Thursday, June 23, 2011

Life in the Slow Lane

First some housekeeping: Recently I returned from my 9th WVWriters, Inc. conference. The event is held annually at Cedar Lakes in Ripley, West Virginia. Every year I come home saying “That was the best conference ever.”

This year was no exception. It really was the best conference ever.

Being around like-minded people is energizing, refilling the creative well. And believe me, I never use phrases like that. I’m a journeyman (woman) writer, not a weaver of sumptuous words.

Seeing dear old friends and making new ones is priceless. I totally want to adopt the amazing couple, Doug and Telisha Williams, who entertained Saturday night with their own brand of Americana music. Everyone in the universe should check them out.

And instead of breaking down weeping when it came time to leave, I either avoided good-byes or did my best Mount Rushmore impression when faced with the partings.

It worked.

I remained dry-eyed all the way home to the prairie, 1,100 miles away.

Inside I was a soggy, blubbering mess, but all things are made sweeter by being laced with bittersweet.

One day after returning, I had foot surgery -- a tendon sheath sliced (or something like that) and toes pinned (my surgeon, the anesthesiologist, the nurses, the staff, the amazing PT who sent me to the surgeon… all rock), and here I sit. I’m ‘non-weight bearing’ for two weeks, hobbling horribly around on crutches. Granted, the end result will be less pain and much better mobility. My advanced years goal is to still be able to hike in Rocky Mountain National Park in my 80s, so more mobility is all good.

In the meantime… here I sit.

I always blame my husband’s Viking lineage for our older son’s wanderlust, but I too bear responsibility for Erik’s boundless energy. (As a holding on and letting go aside, said son is heading to S. Korea this fall for another study abroad program marking his third trip overseas.) I’ve written this before: When all the toddlers in our Arizona playgroup were happily rolling trucks in the sandbox and swinging on a tire swing, Erik was heading for the Mexican border.

When I was four my parents took my little sister and me to the Detroit Zoo to see a Tasmanian Devil all the way from Australia. I wouldn’t say I’ve exactly been a whirling dervish my whole life, but I don’t like to be still. If I didn’t like to eat so much and have peasant forebears, I’d probably be thin.

Being fairly immobile has been… challenging. That no one in my family has knocked me over the head and buried me in the backyard is a testament to their fortitude. My family deserves kudos.

During several scary tornado warnings the other evening my mother put a chair in the hall (which she had determined was the safest spot upstairs) for me and refused to go down to the lower level to our ‘storm shelter.’ I haven’t been this touched since she allowed me (the daughter of a public school administrator) to attend a Catholic high school when I was miserable at the public high school in the town we moved to right before my junior year.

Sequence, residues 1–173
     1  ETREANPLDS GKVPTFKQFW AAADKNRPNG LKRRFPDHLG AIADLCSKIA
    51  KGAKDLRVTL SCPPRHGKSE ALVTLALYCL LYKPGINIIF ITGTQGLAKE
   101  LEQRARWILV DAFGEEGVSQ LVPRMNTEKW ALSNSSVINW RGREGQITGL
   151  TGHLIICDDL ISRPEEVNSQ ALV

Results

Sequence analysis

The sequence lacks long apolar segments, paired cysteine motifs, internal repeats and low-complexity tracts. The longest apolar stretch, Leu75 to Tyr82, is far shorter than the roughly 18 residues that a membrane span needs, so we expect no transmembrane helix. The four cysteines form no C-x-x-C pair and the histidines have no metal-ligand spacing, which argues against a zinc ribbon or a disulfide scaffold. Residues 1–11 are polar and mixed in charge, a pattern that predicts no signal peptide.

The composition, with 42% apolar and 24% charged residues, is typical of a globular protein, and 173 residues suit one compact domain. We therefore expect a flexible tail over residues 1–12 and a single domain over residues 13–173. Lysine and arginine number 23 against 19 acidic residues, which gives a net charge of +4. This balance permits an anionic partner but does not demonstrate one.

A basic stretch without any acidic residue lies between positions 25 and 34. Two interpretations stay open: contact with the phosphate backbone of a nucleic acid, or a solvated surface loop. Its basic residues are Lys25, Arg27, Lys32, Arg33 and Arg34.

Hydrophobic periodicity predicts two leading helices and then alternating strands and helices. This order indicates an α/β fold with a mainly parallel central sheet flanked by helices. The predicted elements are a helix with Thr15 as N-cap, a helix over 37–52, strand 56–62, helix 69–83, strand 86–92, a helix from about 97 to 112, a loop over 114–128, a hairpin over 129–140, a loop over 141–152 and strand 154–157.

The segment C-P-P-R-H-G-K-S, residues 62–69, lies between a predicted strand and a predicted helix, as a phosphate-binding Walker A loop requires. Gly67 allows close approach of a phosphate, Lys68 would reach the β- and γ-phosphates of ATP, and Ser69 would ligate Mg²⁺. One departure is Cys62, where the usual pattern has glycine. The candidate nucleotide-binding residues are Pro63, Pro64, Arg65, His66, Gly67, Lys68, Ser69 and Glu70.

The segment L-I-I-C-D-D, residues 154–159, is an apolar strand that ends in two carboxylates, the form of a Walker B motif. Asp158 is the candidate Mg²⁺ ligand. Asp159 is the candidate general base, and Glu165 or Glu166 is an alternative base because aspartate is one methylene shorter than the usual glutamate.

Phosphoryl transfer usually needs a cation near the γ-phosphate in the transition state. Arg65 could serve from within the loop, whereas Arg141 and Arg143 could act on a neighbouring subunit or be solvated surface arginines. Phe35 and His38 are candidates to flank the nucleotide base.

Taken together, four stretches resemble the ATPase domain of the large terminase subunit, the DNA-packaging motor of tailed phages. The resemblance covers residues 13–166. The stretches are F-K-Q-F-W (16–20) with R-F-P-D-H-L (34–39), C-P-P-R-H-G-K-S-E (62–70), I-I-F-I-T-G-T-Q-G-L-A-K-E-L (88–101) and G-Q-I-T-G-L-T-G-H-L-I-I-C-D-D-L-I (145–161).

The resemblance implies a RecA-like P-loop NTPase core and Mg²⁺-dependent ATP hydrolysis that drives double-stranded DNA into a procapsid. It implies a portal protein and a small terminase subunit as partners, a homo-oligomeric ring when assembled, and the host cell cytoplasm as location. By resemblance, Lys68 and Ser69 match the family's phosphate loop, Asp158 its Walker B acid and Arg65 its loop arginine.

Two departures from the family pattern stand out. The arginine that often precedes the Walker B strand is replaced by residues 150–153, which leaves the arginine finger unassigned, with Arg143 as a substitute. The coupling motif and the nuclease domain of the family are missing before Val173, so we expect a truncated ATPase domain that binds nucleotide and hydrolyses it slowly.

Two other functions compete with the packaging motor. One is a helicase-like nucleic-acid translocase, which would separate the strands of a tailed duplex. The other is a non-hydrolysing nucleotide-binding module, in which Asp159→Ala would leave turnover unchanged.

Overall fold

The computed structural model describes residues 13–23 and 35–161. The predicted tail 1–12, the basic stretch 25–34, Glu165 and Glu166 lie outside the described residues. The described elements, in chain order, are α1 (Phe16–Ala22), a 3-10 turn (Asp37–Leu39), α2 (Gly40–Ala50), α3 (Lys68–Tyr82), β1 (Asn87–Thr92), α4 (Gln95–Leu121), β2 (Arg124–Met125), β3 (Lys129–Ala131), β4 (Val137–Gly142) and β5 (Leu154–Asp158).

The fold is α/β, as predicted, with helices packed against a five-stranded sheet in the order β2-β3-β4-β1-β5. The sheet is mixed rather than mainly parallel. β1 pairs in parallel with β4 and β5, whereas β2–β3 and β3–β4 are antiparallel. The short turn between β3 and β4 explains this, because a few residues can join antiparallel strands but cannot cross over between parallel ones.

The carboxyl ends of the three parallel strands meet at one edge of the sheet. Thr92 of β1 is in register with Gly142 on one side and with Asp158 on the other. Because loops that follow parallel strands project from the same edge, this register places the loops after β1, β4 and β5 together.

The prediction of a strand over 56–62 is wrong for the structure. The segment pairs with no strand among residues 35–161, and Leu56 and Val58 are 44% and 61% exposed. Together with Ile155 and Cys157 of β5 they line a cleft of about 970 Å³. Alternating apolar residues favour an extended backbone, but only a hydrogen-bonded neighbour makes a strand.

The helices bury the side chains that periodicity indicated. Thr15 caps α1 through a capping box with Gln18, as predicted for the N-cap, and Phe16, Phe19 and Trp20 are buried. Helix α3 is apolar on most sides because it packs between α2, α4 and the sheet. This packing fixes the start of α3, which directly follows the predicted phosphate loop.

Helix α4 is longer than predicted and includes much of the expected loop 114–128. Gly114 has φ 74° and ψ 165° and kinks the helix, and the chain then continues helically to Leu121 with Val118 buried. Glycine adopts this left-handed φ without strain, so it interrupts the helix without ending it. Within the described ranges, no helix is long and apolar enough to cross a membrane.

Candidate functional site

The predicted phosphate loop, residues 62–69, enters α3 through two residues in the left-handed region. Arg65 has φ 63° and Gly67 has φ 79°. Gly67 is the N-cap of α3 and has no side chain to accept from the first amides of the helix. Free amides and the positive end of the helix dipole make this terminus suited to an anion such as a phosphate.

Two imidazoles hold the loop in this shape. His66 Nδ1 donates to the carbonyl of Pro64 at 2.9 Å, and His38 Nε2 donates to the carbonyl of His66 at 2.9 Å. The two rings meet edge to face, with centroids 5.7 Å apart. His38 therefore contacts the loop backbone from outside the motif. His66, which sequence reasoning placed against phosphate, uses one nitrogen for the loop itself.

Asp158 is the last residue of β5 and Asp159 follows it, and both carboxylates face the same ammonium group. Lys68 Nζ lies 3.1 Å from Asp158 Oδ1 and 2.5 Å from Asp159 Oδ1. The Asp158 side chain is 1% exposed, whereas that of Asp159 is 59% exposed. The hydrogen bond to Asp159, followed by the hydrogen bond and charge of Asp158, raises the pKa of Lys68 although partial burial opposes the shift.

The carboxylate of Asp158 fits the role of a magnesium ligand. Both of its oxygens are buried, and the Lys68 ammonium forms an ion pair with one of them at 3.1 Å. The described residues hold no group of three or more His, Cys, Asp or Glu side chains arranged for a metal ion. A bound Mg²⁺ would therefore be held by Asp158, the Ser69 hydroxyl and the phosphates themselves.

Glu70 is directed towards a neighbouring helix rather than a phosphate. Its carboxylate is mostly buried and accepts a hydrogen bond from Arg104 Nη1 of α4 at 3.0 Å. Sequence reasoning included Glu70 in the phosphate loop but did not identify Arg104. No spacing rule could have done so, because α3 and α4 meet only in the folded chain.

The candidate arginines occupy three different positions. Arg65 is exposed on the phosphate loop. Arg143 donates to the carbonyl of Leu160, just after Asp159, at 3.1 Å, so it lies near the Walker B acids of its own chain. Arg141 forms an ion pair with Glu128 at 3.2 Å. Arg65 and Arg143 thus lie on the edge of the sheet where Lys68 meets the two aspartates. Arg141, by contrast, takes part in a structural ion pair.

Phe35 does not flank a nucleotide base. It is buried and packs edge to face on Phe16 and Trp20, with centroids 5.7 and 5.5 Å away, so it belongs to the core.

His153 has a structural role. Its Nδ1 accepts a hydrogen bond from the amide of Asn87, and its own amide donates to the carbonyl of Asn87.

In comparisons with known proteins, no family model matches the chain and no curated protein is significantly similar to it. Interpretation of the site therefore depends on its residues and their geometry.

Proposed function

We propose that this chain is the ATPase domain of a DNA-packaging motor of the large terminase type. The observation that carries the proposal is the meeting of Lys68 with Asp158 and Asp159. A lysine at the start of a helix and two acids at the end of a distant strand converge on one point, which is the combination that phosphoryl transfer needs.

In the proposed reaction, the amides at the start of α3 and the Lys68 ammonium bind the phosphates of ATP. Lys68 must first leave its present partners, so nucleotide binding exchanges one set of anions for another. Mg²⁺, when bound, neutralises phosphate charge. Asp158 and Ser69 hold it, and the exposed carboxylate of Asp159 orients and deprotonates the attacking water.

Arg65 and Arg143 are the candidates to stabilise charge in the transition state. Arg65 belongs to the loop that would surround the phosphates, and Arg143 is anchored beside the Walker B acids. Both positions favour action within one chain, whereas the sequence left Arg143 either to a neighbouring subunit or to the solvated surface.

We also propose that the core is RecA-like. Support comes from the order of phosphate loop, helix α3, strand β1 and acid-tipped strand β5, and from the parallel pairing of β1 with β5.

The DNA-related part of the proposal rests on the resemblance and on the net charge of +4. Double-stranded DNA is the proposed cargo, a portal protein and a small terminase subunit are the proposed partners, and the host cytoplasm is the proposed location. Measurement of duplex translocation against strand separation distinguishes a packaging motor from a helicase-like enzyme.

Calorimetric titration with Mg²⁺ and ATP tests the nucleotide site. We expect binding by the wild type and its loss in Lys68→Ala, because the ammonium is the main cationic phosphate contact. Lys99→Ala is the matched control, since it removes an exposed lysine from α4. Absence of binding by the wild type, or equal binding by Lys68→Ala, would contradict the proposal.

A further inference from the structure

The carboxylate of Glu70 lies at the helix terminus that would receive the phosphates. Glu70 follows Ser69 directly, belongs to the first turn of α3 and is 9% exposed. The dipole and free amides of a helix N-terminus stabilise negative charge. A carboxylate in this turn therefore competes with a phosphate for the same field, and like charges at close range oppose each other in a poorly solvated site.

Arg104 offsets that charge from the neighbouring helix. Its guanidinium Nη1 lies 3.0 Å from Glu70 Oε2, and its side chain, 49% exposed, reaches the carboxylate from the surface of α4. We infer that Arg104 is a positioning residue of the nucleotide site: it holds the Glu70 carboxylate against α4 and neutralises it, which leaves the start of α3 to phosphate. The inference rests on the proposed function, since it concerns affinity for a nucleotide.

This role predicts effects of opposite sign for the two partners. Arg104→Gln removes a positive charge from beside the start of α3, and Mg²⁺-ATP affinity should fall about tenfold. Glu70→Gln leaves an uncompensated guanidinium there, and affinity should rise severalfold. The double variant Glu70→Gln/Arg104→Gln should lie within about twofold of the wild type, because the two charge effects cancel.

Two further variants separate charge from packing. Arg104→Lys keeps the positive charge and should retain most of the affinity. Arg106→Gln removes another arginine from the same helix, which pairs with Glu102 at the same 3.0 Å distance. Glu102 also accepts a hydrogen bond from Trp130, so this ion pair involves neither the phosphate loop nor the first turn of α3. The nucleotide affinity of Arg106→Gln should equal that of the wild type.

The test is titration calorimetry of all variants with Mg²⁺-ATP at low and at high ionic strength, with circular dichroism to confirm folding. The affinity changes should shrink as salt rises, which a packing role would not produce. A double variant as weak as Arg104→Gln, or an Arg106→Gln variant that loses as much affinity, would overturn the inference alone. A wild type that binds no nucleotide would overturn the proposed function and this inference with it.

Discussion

In addition, my younger son is being nice enough to help me overcome my tendency to resort to not-so-nice language when I get frustrated. (There’s a financial incentive in it for him). And my husband is not bonking me over the head with my crutches when I get uber frustrated that the simplest tasks elude me.

My friends have also rallied. I have been touched by the gestures of those both near and far. Calls, visits, e-mails, texts, Facebook messages have inundated my heart. An arrangement of lilies worthy of a royal wedding grace my living room, thanks to my friend Ann Snider, the mother of four… who is holding on and letting go herself as her oldest son is on his LDS mission trip for two years. She is courageous indeed.

Another beautiful arrangement sits on my buffet, a gift from my longtime friend Susan Case. Susan coaxed me though Erik’s first trip abroad to Germany when he was only in high school. Her daughter had been a foreign exchange student several years previous.

Too numerous to mention are my many other supportive friends. It takes a lot to spend time, in person or virtually, with a cranky woman on crutches!

This morning I escaped for coffee with my exercise pals (that was my exercise!) and learned the sister-in-law of one of the women just fell off a horse when the saddle loosened. Broken ribs and a punctured lung resulted. Once again, I’m reminded to quit whining and remember how fortunate I am. I’m slated to be off crutches (I hope!) in another week and plan to have more mobility when I can stomp around in my Herman Munster boot.

In the meantime, maybe it’s time to enjoy life in the slow lane?


  1. Learning to slow down is an education, certainly. I hope you continue to heal quickly, Pam--at least by next year's conference!

  2. It is hard not to be able to do things you are used to doing. Since you can't go out gallivanting around, this may be the time to sit and start a new book. Get well quick!